I am now at that point.  I’m taking my first vacation abroad today.  I am flying solo to London, Rome, and Amsterdam.  I will be staying in hostels and making around the city on my own.  I haven’t been so excited and so nervous as this in a long time.  As someone who never half asses anything, I gave it my all to plan this trip.  Every piece of work ethic, time management, and planning ability that I had went into designing a 12-day itinerary that suited my interest while allowing some wiggle room to adventure.  I financed it myself 100% and earned the time off work to take vacation days.  I feel I have earned this trip as a result of a lot of hard to reign in chaos.

I was really “travel envious” for a while.  This means that whenever I saw people travelling on Facebook, I felt a little jealous.  I realize that was my problem and not theirs.  Social media has a weird ability to amplify already existing negative emotions until they can get a little overwhelming.  We’re all guilty of that.  That is how social is designed: to show off the positive and happy aspects of our lives.  I know that any envy I had was a manifestation of my own unhappiness dealing with a shitty job that was affecting me a lot of different ways.  And as soon as I was able to take off for a vacation in Europe, I did that.  No questions, no waiting.  I did not know when my next chance would be, so I had to take the chance I had now.  Opportunities don’t wait around.

Now, I’m not a naïve person.  I know we cannot have complete control over everything all the time.  I get that.  You have to be flexible and have the ability to deal with change.  Sometimes, even good change can be difficult to get accustomed to.  But considering that bad change is what usually throws our lives off balance, it is exceptionally important to know what to do and commit to it.  When you lose a job, for example, cut unnecessary expenses and live simply.  Live in the moment and make the best of the situation.  It is hard for me to remember sometimes, but I try when I can.

The song I’ve been listening on repeat that has been getting me hyped is “Holiday Rap” by Euro-house duo M.C. Miker ‘G’ & Deejay Sven (see the European connection?).  I was introduced to this track back in college and it stuck with me ever since.  Released in 1986, the song is a Euro-house, disco track that sample Madonna’s single “Holiday” and features the fun rap stylings of Miker ‘G’ and Deejay Sven.  In the song, the duo is rapping about their summer holiday, having fun, and being in control of their own lives.   And being that the rappers are European, they proclaim that they gotta have their 7-week holiday (Wow.  Europe sounds better by the minute).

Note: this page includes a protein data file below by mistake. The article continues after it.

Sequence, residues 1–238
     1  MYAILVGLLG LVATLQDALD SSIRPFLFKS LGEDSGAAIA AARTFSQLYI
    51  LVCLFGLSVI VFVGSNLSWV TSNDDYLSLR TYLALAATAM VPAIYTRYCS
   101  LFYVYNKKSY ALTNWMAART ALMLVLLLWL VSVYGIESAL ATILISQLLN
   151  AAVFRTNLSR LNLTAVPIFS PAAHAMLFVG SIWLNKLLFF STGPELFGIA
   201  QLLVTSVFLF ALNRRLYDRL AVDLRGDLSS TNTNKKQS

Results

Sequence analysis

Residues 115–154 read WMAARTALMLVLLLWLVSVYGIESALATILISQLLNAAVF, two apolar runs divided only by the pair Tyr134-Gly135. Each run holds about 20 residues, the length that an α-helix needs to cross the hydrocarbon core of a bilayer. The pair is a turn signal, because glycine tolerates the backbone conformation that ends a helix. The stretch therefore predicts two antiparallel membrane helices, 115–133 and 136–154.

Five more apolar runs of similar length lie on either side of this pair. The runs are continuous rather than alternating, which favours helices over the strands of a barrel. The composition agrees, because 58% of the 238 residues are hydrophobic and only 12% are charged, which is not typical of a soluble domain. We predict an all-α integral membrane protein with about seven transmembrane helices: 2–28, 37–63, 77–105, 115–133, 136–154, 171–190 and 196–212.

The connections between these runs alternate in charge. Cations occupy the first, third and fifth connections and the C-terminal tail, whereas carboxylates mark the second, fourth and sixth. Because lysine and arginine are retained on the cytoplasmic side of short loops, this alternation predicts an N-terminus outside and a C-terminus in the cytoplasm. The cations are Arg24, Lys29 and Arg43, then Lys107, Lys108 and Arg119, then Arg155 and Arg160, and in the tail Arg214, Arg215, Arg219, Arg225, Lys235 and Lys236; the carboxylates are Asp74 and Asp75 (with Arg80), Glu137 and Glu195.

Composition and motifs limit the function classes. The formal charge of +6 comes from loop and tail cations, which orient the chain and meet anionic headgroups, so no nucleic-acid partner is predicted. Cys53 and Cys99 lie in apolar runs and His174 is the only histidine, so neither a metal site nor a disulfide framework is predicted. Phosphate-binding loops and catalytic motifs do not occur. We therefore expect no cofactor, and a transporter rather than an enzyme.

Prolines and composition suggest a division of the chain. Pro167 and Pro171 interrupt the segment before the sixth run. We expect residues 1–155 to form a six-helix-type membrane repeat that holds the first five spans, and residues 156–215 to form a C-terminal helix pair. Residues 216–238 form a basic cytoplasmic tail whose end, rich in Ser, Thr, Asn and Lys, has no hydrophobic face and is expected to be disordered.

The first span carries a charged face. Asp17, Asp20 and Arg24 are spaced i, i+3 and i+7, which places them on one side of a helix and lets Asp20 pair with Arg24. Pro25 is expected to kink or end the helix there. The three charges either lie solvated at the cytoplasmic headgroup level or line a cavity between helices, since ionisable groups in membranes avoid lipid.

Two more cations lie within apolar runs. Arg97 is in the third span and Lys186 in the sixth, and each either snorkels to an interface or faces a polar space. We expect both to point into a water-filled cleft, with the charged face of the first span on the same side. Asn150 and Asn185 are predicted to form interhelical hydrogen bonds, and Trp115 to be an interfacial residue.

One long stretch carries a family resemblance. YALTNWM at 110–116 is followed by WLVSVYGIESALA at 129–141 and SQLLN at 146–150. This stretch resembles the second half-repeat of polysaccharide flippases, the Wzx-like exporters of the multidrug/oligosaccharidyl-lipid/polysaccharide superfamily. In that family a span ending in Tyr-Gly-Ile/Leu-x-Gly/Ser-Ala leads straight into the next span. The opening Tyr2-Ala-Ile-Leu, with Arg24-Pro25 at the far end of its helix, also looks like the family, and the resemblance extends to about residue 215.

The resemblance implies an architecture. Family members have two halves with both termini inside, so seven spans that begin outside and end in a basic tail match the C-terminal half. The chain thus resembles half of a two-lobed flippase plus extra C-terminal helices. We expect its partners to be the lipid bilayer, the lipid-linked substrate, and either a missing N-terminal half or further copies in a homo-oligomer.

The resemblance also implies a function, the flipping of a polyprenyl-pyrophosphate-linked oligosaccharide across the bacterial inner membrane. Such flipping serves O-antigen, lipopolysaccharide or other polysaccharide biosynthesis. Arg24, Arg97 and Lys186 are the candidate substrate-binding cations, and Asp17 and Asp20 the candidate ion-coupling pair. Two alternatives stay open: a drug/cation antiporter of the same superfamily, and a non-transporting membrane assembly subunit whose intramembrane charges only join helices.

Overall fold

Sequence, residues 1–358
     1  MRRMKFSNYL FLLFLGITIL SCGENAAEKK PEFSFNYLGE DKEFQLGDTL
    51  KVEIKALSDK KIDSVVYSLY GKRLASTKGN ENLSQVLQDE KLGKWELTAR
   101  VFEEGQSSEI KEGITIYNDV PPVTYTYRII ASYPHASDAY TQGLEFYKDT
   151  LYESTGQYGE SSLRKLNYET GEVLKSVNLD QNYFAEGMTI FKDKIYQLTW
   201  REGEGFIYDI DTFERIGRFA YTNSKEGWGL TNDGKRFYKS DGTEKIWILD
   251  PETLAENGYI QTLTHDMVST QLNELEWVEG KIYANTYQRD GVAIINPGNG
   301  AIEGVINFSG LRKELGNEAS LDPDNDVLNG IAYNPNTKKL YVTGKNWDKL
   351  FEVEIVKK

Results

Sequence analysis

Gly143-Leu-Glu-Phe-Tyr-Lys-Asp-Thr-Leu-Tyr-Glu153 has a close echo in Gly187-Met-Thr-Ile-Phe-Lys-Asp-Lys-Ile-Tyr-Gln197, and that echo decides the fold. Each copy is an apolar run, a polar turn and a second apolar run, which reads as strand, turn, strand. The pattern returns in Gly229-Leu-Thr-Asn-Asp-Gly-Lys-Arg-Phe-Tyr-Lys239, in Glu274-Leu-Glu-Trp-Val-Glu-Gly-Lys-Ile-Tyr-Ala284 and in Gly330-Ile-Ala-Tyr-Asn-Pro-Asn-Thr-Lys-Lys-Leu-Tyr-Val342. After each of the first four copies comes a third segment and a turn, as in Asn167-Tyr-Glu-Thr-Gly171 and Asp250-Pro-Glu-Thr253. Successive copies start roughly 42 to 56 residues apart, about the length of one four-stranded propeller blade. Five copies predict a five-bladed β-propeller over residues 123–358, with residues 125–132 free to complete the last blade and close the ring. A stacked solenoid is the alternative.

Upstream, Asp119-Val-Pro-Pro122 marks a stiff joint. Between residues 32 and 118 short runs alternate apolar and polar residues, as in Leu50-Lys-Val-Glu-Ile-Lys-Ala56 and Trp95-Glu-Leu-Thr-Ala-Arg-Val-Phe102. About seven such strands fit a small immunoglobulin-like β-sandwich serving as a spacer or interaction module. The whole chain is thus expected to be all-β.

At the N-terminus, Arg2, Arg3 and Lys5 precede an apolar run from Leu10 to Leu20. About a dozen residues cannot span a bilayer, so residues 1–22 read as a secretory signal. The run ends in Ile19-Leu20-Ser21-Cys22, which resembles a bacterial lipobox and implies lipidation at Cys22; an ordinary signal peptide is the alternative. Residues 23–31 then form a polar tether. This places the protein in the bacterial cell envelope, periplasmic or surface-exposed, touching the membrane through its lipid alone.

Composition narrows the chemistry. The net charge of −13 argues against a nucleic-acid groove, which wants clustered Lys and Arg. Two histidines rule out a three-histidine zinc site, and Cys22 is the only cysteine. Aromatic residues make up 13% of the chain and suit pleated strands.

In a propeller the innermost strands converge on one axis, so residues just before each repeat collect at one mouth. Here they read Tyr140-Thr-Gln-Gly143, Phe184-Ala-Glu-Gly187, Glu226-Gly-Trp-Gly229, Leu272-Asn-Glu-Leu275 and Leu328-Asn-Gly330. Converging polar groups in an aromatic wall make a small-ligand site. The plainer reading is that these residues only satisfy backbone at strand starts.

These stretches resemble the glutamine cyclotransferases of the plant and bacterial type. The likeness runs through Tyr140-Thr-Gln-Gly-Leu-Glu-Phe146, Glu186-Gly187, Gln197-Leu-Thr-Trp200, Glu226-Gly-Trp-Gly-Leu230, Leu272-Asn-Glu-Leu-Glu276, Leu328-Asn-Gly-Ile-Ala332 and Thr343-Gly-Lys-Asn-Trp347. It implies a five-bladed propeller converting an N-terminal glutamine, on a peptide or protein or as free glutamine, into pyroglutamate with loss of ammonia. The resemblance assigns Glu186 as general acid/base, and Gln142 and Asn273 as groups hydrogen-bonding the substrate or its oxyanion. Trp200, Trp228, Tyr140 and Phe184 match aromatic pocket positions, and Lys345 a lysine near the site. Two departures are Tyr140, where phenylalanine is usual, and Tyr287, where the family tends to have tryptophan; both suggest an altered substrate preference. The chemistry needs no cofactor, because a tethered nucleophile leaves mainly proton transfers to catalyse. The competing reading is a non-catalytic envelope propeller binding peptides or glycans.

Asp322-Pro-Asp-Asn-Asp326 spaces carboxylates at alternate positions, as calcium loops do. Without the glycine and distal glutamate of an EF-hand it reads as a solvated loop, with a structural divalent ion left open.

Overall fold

This song typically makes it on my summer playlists because it is a fun song for sun and warm weather.  I’m not going on a summer holiday like the rap duo.  My holiday is a fall one.  That is by design because of the timing, plus I didn’t want to go during peak tourist season.  Regardless, the message is loud and clear to me.

Control equates to simplicity for me.  That’s why I work towards having it.  I can organize my life based on current situations and have it provide me with the best possible outcome (sometimes).  I won’t always be in control because there are things that happen in life that you cannot control.  However, I believe that while you cannot control what happens to you, you can control how you handle the situation.  I recognized what I needed to make my life better.  In some ways, I made those changes.  In other ways, it is a work in progress.  While I may not have traveled as much as friends or colleagues, I don’t need to feel envious anymore because I have been gifted an opportunity to make it happen for myself.  This trip means so much more to me than just two weeks of fun and getting away from work.  It means something much bigger.  It means freedom and freedom is something I never want to take for granted.

“not gonna kill you” – angel olsen (2016)


I am in my late 20s and still fairly hip to things.  However, that is going to end at some point.  It seems that the older I get, the harder it is to have the time, patience, and drive to seek new music.  The reason for this is a combination of several things.  For one, I am getting increasingly comfortable with what I already know.  That happens.  You get into a groove that gets deeper and it gets harder and harder to get out of it.  Secondly, time is a big issue.  I’m not in college anymore.  I have a job, volunteer commitments, and hobbies that don’t center around music.  My time is precious.  And finally, finding new and hip outlets that I can trust for great new music gets harder and more limited.